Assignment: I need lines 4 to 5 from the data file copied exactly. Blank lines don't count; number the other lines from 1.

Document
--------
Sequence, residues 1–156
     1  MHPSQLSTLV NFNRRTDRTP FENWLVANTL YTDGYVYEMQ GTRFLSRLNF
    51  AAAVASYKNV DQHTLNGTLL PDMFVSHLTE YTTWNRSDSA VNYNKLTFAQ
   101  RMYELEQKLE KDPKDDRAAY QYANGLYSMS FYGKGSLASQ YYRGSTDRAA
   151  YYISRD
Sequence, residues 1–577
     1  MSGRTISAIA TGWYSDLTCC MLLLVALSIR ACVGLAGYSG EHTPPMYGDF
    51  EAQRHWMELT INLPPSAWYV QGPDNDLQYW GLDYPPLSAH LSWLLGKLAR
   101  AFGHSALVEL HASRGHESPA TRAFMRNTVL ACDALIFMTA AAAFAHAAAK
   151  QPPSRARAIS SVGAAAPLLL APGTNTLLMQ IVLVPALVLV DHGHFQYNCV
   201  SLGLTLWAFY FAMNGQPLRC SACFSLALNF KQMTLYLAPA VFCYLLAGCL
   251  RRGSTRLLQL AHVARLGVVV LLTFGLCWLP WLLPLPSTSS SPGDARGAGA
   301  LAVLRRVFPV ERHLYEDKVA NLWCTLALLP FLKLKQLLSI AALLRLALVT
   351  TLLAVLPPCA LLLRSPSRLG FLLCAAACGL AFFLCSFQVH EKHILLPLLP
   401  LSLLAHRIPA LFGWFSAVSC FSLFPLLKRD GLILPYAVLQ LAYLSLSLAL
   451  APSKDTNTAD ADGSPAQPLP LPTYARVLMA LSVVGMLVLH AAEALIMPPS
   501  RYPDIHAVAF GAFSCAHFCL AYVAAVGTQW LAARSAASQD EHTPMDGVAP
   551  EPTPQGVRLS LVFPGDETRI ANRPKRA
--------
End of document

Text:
   101  RMYELEQKLE KDPKDDRAAY QYANGLYSMS FYGKGSLASQ YYRGSTDRAA
   151  YYISRD